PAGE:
gerundive is now, in either language, of little or no consequence, since in
modern French, as well as in English, both are indeclinable. For this
reason, I have framed the syntactical rule for participles so as to include
under that name the gerund, or gerundive, which is a participle governed by
a preposition. The great difficulty with us, is, to determine whether the
participle ought, or ought not, to be allowed to assume _other_
characteristics of a noun, without dropping those of a participle, and
without becoming wholly a noun. The liability of confounding the English
participle with the verbal or participial adjective, amounts to nothing
more than the occasional misnaming of a word in parsing; or perhaps an
occasional ambiguity in the style of some writer, as in the following
citation: "I am resolved, 'let the newspapers say what they please of
_canvassing_ beauties, _haranguing_ toasts, and _mobbing_ demireps,' not to
believe one syllable."--_Jane West's Letters to a Young Lady_, p. 74. From
these words, it is scarcely possible to find out, even with the help of the
context whether these three sorts of ladies are spoken of as the
canvassers, haranguers, and mobbers, or as being canvassed, harangued, and
mobbed. If the prolixity and multiplicity of these observations transcend
the reader's patience, let him consider that the questions at issue cannot
be settled by the brief enunciation of loose individual opinions, but must
be examined in the light of _all the analogies and facts_ that bear upon
them. So considerable are the difficulties of properly distinguishing the
participle from the verbal adjective in French, that that indefatigable
grammarian, Girault Du Vivier, after completing his _Grammaire des
Grammaires_ in two large octavo volumes, thought proper to _enlarge_ his
instructions on this head, and to publish them in a separate book, (_Traite
des Participes_,) though we have it on his own authority, that the rule for
participles had already given rise to a greater number of dissertations and
particular treatises than any other point in French grammar.

OBS. 24.--A participle construed after the nominative or the objective
case, is not in general equivalent to a verbal noun governing the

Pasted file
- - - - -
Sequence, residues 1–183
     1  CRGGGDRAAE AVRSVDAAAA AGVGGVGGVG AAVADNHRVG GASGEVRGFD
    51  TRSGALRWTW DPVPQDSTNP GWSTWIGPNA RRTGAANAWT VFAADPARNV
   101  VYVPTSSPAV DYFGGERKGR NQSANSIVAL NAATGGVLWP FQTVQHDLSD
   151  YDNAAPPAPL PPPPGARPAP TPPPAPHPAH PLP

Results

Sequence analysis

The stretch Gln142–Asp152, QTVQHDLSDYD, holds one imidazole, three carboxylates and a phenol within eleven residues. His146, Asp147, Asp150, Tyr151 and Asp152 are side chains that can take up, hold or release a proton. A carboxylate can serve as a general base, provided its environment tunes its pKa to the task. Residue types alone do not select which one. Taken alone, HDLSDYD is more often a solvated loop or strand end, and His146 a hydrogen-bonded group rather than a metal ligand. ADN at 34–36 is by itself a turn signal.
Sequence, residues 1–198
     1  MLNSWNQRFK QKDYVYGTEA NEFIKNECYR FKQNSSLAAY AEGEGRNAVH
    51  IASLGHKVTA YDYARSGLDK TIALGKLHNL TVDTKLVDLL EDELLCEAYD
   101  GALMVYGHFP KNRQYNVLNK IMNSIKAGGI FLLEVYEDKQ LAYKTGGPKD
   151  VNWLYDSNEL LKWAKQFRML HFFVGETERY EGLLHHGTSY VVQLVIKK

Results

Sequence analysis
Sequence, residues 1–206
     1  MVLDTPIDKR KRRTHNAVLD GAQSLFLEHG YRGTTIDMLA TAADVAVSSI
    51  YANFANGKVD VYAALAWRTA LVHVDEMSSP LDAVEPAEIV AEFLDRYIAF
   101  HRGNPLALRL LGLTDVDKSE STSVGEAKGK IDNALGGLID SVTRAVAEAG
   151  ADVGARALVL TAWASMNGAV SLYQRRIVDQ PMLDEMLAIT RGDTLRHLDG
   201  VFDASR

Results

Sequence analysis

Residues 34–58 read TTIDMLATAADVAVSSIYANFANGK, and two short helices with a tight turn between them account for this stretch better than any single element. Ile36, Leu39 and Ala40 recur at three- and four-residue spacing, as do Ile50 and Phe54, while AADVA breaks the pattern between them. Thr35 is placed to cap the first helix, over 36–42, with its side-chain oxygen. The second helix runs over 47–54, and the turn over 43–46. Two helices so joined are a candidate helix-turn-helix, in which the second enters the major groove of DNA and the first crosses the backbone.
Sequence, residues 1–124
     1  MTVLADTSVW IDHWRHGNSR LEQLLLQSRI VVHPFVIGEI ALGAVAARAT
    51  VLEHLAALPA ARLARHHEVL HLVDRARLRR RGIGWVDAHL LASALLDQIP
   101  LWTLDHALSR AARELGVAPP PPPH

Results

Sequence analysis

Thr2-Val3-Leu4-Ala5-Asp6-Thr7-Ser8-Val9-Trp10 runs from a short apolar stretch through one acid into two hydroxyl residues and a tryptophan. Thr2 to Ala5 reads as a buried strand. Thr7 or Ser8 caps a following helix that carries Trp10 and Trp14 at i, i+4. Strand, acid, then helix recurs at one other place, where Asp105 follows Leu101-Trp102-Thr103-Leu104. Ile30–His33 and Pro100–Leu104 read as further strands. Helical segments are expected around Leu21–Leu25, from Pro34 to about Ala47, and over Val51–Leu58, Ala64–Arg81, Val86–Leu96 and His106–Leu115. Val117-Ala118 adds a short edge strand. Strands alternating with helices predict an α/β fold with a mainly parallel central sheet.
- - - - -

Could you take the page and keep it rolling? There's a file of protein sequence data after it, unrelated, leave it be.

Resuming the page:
possessive. There is sometimes a nice distinction to be observed in the
application of these two constructions. For the leading word in sense,
should not be made the adjunct in construction. The following sentences
exhibit a disregard to this principle, and are both inaccurate: "He felt
his _strength's_ declining."--"He was sensible of his _strength_
declining." In the former sentence, the noun _strength_ should be in the
objective case, governed by _felt_; and in the latter, it should rather be
in the possessive, governed by _declining_. Thus: "He felt his _strength_
declining;" i.e., "_felt it decline_."--"He was sensible of his
_strength's_ declining;" i.e., "_of its decline_." These two sentences
state the same fact, but, in construction, they are very different; nor
does it appear, that where there is no difference of meaning, the two
constructions are properly interchangeable. This point has already been
briefly noticed in Obs. 12th and 13th on Rule 4th. But the false and
discordant instructions which our grammarians deliver respecting
possessives before participles; their strange neglect of this plain
principle of reason, that the leading word in sense ought to be made the
leading or governing word in the construction; and the difficulties which
they and other writers are continually falling into, by talking their
choice between two errors, in stead of avoiding both: these, as well as
their suggestions of sameness or difference of import between the
participle and the participial noun, require some farther extension of my
observations in this place.

OBS. 25.--Upon the classification of words, as parts of speech,
distinguished according to their natures and uses, depends the whole scheme
of grammatical science. And it is plain, that a bad distribution, or a
confounding of such things as ought to be separated, must necessarily be
attended with inconveniences to the student, for which no skill or learning
in the expounder of such a system can ever compensate. The absurdity of
supposing with Horne Tooke, that the same word can never be used so
differently as to belong to different parts of speech, I have already
alluded to more than once. The absolute necessity of classing words, not
according to their derivation merely, but rather according to their sense
and construction, is too evident to require any proof. Yet, different as
are the natures and the uses of _verbs, participles_, and _nouns_, it is no
uncommon thing to find these three parts of speech confounded together; and
that too to a very great extent, and by some of our very best grammarians,
without even an attempt on their part to distinguish them. For instances of
this glaring fault and perplexing inconsistency, the reader may turn to the
books of W. Allen and T. O. Churchill, two of the best authors that have
ever written on English grammar. Of the participle the latter gives no
formal definition, but he represents it as "_a form_, in which _the action_
denoted by _the verb_ is capable of being joined _to a noun_ as _its
quality_, or accident."--_Churchill's New Gram._, p. 85. Again he says,
"That the participle is _a mere mode of the verb_ is manifest, if our
definition of a verb be admitted."--_Ib._, p. 242. While he thus identifies
the participle with the verb, this author scruples not to make what he
calls the imperfect participle perform all the offices of a _noun_: saying,
"Frequently too it is used as a noun, admits a preposition or an article
before it, becomes a plural by taking _s_ at the end, and governs a
possessive case: as, 'He who has _the comings_ in of a prince, may be